Infiniti’s Interactive Film “Deja-View”

Luxury auto maker Infiniti has partnered with The Blair Witch Project’s producers, Campfire, to release an eerie choose-your-own-adventure interactive movie called Deja-View.

The 20 minute film centers on a well-groomed couple driving on a desert road in their Infiniti Q50. They seem like a pair, but ultimately, they’re unsure of who and where they are, whom to trust and where they’re supposed to be going. By dialing a special number and code on their cellphones and actually “talking to” the characters (using technology such as natural language processing systems), viewers will be able to affect the characters’ choices and help them work out what’s going on. The outcome of the movie will be tailored to their choices.

(Via Creativity-Online)

Why I’m Curious

This is an innovative application of branded entertainment. It’s neat that the film uses language processing technology to adapt to the viewer, depending on their conversations with the onscreen characters. The choose-your-own-adventure model creates an interactive element that viewers are invested in, while incorporating various digital platforms, including websites and smartphones, to tell the story.


The World’s First Attention-Powered Car

To raise awareness about the the dangers of driving while distracted, RAC, an Australian roadside services company, has created the “Attention Powered Car”.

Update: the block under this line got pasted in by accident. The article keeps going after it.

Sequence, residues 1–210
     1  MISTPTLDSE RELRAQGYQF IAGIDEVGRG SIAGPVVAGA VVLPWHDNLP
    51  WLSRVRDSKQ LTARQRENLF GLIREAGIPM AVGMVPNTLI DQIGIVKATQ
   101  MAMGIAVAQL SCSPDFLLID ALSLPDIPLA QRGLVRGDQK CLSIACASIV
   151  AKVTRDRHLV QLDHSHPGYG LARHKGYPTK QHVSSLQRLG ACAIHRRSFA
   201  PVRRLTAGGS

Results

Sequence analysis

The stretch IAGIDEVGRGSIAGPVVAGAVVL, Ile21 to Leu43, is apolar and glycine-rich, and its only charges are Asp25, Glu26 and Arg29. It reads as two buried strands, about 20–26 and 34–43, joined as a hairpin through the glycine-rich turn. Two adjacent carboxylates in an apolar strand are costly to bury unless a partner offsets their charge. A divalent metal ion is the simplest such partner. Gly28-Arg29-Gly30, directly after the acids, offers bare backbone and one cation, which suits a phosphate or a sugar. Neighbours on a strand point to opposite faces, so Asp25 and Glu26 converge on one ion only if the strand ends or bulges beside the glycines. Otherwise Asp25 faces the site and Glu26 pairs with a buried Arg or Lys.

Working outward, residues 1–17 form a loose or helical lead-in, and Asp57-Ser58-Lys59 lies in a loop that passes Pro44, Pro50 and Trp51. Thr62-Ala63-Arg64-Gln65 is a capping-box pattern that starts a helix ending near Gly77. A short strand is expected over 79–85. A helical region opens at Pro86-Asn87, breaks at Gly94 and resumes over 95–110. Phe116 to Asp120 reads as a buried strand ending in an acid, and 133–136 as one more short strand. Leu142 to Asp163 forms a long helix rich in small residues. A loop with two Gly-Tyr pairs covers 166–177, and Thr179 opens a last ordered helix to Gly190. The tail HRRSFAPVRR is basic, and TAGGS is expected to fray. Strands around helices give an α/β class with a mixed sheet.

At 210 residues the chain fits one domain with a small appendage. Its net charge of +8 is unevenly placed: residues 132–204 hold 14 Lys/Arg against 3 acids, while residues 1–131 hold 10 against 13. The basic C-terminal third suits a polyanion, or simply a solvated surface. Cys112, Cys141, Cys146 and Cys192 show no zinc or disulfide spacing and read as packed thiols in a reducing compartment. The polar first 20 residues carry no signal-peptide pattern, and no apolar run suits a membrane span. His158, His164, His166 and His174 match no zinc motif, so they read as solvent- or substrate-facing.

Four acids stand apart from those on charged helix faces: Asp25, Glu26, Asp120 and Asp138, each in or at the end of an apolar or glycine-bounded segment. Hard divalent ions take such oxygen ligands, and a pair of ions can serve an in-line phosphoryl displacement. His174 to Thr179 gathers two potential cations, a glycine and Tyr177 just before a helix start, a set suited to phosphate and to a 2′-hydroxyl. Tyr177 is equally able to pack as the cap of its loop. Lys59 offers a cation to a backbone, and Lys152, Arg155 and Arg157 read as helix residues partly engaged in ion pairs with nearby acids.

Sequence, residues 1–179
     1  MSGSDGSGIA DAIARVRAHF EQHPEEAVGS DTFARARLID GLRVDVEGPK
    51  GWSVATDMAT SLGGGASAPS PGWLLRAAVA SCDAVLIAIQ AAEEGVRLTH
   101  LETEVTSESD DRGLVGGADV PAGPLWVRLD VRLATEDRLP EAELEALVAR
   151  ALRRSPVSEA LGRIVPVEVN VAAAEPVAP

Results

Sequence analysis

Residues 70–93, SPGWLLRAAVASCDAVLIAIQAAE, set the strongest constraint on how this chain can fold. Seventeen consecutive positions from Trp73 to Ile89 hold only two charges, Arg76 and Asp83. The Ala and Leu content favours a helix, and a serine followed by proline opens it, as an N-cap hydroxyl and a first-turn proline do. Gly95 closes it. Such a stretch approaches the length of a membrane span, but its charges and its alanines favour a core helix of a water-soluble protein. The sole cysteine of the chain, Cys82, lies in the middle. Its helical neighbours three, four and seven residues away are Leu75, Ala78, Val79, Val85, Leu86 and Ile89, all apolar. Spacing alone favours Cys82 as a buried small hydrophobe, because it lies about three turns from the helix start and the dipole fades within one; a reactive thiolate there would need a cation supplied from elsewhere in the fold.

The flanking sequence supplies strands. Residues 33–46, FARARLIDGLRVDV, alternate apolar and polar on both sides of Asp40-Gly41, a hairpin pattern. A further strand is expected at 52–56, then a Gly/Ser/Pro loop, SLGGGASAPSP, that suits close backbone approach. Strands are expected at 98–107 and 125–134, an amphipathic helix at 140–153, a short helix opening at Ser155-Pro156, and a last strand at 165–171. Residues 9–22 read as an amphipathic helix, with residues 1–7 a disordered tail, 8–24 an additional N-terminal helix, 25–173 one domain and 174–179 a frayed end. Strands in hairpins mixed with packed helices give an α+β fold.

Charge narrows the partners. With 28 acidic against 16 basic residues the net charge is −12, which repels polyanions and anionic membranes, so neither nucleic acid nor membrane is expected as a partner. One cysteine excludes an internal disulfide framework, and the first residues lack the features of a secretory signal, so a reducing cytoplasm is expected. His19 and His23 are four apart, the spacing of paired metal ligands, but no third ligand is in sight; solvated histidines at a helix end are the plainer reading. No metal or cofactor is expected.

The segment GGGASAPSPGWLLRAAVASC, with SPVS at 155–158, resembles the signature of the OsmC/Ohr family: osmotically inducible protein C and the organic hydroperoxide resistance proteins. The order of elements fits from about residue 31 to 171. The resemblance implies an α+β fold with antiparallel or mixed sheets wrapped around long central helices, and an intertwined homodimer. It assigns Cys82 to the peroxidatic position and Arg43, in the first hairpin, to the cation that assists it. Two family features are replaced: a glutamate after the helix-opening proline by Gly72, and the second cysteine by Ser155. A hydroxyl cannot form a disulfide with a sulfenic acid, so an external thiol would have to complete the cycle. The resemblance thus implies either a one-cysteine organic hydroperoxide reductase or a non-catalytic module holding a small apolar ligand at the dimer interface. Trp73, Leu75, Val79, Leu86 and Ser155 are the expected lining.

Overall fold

The test car slows when drivers are distracted and then starts accelerating again when they begin paying attention. The car works with a headset designed by neuroengineering company Emotiv that measures the driver’s brain signals. The headset tracks blink rate, blink duration, gaze rate, head tilts and how often drivers switch tasks. An algorithm then uses this data to determine whether the driver is paying attention.

Why I’m Curious

I think this is a neat, innovative use of electroencephalography (EEG) and other mechanical technologies. Although it’s just a test car for now, I this could be an effective way to bring attention to the problem of being distracted while driving. People often use their phones while driving, even though doing so is illegal in many places, and we know this inattentiveness in increasingly causing more auto accidents. It will be interesting to see if this type of car makes its way to market.

Volkswagen Banner Challenge

Volkswagen Netherlands has created an online campaign called GTI Bannerbahn that connects paid banner ad space with the real world by challenging the online user to catch a moving Volkswagen Golf GTI.

GTI BannerBahn is a circuit race across banner ads on Holland’s four biggest websites. The home pages of these four websites were painted on the runway of an airport. A Volkswagen Golf GTI was then filmed as it zig-zagged across the runway. On race day, September 13, participants will be chasing the GTI as it speeds through the banner spaces of each site. The fastest person to catch the GTI wins the car in real life.

Why I’m Curious